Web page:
The cover of Driving Songs Volume One: An Alternate Route, the long-overdue release by Chi-town emcee Jeff Baraka, aka O Type Star, features a photo of the rapper as a toddler posing against a Pinto, his orange jacket matching the car’s hue. Although this image, along with the album’s title, conjure in the mind of the listener the soundtrack to a voyage, the record’s content is very much grounded in Chicago. Unfortunately the disc, which includes features by Common, Slug of Atmosphere, and Binary Star among others, could stand to be more fuel-efficient.
Baraka, who is a member of the Chicago area’s indie-rap retinue, a performance poet, and a media personality, identifies the thing undergirding the multiplicity in his roles and artistic ventures on the opening track, “Ignition/Motivation (1st Movement).” The song features a sample of someone defining the word motivation and that sentiment permeates the album. The tracks “Onion Rings” and “Coolin’ On The Lakeshore” are manifestations of his zeal for representing his hometown; Chicago seems to reside in the spaces between his exhortations and the songs’ plastic drum loops.
The stars align on “Thoughts Take Flight,” as Ann Arbor duo Binary Star team up with O Type Star to mete out their trademark protest-tinged rhymes. “Still Consummate,” the No I.D.-handled album highlight, functions like Baraka’s manifesto as he muses on his career’s trajectory over a misty keyboard riff.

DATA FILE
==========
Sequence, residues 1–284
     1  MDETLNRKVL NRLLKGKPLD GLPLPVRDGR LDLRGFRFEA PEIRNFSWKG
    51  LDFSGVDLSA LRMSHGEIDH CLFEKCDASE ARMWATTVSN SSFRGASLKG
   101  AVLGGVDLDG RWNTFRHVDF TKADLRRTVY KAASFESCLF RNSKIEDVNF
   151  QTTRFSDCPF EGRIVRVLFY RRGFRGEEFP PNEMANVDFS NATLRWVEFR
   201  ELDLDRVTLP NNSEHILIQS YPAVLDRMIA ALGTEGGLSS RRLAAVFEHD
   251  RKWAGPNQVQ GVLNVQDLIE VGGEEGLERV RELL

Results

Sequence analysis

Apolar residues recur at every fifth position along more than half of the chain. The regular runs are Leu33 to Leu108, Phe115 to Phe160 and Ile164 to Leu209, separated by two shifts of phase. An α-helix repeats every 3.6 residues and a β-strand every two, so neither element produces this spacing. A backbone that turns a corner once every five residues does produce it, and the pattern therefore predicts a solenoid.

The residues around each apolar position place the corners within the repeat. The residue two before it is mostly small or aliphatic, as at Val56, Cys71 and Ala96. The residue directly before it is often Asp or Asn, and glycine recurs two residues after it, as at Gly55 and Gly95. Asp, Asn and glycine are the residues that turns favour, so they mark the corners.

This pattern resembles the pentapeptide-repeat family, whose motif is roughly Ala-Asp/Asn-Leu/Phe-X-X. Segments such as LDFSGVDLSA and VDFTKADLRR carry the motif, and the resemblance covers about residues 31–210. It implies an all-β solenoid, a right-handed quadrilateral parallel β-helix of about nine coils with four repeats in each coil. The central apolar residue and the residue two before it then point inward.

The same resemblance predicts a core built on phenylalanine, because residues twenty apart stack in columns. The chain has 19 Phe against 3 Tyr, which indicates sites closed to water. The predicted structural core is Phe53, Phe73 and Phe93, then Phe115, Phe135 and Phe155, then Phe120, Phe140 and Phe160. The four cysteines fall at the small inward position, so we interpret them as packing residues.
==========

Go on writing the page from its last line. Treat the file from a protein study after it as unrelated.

Later Baraka meanders, as his earnest lyrics become repetitive and his poetic flow drains. One track, “WTTW (Word to the Wise),” exemplifies this and other issues with many of the songs on this release. He spits a few lines like “Tasted defeat yet maintained optimism, enthusiasm/to block this chasm I gots to cross” and “I’m working on these urban social economic math problems/of which the rap game is a microcosm.” Then, Baraka’s penchant for uplifting, socially aware rhyme-saying veers off-course when he delivers a phrase like, “If life’s a bitch/I mack her down with her sexy ass,” within a few bars of the others, exposing a deeper, Thelma and Louise over the cliff-sized chasm between the intention to educate and a propensity towards regressive sexism, of which he isn’t alone.
The album also features production by Hi-Tek, Vector Sigma, Maker and Baraka, which range in sort from pop-oriented instrumentals (“What Moves You”) to moody, skittering beats, to decade-old beats encumbered by lax mixing and too much overdubbing. At eighteen tracks it’s longer than it should be, but Baraka himself admits that the album should have been released years ago and that it is essentially a hodgepodge of material. In the end, Driving Songs Volume One: An Alternate Route is a journey over the two-stepped pavements of the Second City and of O Type Star’s long, multi-faceted career, one that echoes his name and is a rarity in the galaxy of hip-hop.